References

Baron, J., &Jost, J. T. (2019). False equivalence: Are liberals and conservatives in the United States equally biased? Perspectives on Psychological Science, 14(2), 292-303.

Bischof, D., & Wagner, M. (2020). What makes parties adapt to voter preferences? The role of party organization, goals and ideology. British Journal of Political Science, 50(1), 391-401.

Choma, B. L., & Hodson, G. (2017). Right-wing ideology: Positive (and negative) relations to threat. Social Cognition, 35(4), 415-432.

Claessens, S., Fischer, K., Chaudhuri, A., Sibley, C. G., & Atkinson, Q. D. (2020). The dual evolutionary foundations of political ideology. Nature Human Behaviour, 41(2), 1-10.

Crouch, C. (2018). The globalization backlash. John Wiley & Sons.

Engler, F., &Zohlnhöfer, R. (2019). Left parties, voter preferences, and economic policy-making in Europe. Journal of European Public Policy, 26(11), 1620-1638.

Goodhart, D. (2017). The road to somewhere: The populist revolt and the future of politics. Oxford University Press.

Heywood, A. (2019). Politics. Palgrave.

Kalpokas, I., Kalpokas, I., &Finotello. (2019). A political theory of post-truth. Palgrave Macmillan.

March, L. (2017). Left and right populism compared: The British case. The British Journal of Politics and International Relations, 19(2), 282-303.

McCarthy, A. F., Olson, L. R., & Garand, J. C. (2019). Religious right, religious left, both, or neither? Understanding religio‐political identification. Journal for the Scientific Study of Religion, 58(3), 547-569.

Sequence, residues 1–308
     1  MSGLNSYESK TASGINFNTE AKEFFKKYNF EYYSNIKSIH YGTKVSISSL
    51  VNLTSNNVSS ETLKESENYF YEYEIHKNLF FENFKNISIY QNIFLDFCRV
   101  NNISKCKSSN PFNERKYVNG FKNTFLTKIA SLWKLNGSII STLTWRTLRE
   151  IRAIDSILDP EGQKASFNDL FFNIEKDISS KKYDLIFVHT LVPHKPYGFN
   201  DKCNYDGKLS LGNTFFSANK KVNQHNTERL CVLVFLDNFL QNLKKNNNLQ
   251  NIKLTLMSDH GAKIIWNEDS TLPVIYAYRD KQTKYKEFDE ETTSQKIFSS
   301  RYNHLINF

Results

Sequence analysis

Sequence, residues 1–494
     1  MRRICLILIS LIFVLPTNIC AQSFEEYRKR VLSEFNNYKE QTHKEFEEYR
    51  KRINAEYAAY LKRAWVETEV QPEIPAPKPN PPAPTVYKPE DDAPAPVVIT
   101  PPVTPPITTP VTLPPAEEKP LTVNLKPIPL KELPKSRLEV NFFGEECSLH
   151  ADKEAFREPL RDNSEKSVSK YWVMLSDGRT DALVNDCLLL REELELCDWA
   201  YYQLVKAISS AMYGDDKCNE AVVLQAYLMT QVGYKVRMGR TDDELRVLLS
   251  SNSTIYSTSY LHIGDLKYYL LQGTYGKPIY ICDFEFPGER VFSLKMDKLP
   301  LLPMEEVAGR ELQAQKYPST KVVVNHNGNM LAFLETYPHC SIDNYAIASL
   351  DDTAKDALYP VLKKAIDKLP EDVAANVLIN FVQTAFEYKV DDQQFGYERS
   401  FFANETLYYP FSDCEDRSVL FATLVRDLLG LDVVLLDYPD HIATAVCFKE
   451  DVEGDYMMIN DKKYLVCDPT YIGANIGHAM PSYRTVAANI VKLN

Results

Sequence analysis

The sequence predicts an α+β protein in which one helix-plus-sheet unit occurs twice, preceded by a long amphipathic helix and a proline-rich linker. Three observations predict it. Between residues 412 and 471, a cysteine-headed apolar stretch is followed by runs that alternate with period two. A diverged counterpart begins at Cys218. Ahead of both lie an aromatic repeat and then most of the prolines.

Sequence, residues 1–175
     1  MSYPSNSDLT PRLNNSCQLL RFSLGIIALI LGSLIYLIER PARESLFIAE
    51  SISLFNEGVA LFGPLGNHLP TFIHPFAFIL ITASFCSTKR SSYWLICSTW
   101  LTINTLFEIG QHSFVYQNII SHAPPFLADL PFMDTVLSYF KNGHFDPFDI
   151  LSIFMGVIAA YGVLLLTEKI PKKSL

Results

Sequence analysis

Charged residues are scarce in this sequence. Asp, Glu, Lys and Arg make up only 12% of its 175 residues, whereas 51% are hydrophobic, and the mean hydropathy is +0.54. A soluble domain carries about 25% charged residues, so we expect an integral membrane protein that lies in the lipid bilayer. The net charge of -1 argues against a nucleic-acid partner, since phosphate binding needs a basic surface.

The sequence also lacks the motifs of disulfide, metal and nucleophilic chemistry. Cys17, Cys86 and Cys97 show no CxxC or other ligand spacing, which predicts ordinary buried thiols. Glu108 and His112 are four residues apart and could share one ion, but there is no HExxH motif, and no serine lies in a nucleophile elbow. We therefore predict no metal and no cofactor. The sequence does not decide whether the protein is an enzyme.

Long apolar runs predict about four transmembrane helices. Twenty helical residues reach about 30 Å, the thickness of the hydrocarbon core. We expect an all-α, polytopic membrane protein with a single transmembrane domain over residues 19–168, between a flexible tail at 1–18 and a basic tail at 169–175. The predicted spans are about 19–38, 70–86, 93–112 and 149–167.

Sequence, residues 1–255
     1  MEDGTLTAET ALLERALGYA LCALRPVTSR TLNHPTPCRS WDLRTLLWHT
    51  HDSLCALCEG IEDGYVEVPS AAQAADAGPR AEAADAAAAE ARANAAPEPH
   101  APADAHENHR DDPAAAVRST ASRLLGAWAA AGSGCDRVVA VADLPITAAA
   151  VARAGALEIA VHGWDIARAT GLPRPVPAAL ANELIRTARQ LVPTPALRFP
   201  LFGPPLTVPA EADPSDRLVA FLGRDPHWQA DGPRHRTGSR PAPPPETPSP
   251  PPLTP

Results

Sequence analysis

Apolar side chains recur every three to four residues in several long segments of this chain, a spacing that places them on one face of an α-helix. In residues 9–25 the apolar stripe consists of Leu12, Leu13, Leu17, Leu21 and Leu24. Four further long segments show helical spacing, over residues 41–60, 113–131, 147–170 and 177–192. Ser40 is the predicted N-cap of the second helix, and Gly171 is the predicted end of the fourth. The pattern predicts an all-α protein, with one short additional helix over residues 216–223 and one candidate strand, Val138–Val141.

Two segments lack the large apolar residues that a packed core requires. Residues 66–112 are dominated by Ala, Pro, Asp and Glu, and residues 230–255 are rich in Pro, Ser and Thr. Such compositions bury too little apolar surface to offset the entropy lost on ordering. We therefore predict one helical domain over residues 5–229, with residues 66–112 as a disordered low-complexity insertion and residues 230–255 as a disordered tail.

Richards, J. (2017). Serializing the Political Spectrum: Post-9/11 Television, from Left to Right. Journal of Popular Film and Television, 45(3), 152-164.

Wainwright, H. (2018). A new politics from the left. Polity.

This essay on The Left-Right Political Spectrum in the Real World was written and submitted by your fellow student. You are free to use it for research and reference purposes in order to write your own paper; however, you must cite it accordingly.
Removal Request
If you are the copyright owner of this paper and no longer wish to have your work published on IvyPanda.
Request the removal

Need a custom Essay sample written from scratch by
professional specifically for you?

801 certified writers online

Cite This paper
Select a referencing style:

Reference

IvyPanda. (2022, June 24). The Left-Right Political Spectrum in the Real World. https://ivypanda.com/essays/the-left-right-political-spectrum-in-the-real-world/

Reference

IvyPanda. (2022, June 24). The Left-Right Political Spectrum in the Real World. Retrieved from https://ivypanda.com/essays/the-left-right-political-spectrum-in-the-real-world/

Work Cited

"The Left-Right Political Spectrum in the Real World." IvyPanda, 24 June 2022, ivypanda.com/essays/the-left-right-political-spectrum-in-the-real-world/.

1. IvyPanda. "The Left-Right Political Spectrum in the Real World." June 24, 2022. https://ivypanda.com/essays/the-left-right-political-spectrum-in-the-real-world/.


Bibliography


IvyPanda. "The Left-Right Political Spectrum in the Real World." June 24, 2022. https://ivypanda.com/essays/the-left-right-political-spectrum-in-the-real-world/.

References

IvyPanda. 2022. "The Left-Right Political Spectrum in the Real World." June 24, 2022. https://ivypanda.com/essays/the-left-right-political-spectrum-in-the-real-world/.

References

IvyPanda. (2022) 'The Left-Right Political Spectrum in the Real World'. 24 June.

Powered by CiteTotal, essay referencing maker
More related papers